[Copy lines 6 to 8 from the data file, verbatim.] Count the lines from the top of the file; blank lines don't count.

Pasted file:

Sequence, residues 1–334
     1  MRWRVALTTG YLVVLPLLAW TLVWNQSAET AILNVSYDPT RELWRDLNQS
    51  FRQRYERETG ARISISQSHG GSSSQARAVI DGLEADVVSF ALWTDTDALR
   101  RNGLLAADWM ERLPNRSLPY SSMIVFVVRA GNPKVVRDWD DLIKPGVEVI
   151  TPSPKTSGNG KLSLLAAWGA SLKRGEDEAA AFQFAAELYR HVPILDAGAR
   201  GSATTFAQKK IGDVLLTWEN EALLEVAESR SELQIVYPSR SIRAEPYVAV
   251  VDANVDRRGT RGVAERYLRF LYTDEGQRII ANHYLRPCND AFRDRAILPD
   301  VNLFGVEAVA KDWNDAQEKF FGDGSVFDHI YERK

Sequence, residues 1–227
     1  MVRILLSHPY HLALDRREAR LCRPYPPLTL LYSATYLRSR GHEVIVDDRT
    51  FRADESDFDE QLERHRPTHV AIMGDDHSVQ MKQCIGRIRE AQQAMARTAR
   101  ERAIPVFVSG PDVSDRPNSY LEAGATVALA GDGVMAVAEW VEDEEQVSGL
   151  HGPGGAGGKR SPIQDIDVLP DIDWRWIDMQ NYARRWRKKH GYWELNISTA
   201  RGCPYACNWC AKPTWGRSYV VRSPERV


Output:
   201  GSATTFAQKK IGDVLLTWEN EALLEVAESR SELQIVYPSR SIRAEPYVAV
   251  VDANVDRRGT RGVAERYLRF LYTDEGQRII ANHYLRPCND AFRDRAILPD
   301  VNLFGVEAVA KDWNDAQEKF FGDGSVFDHI YERK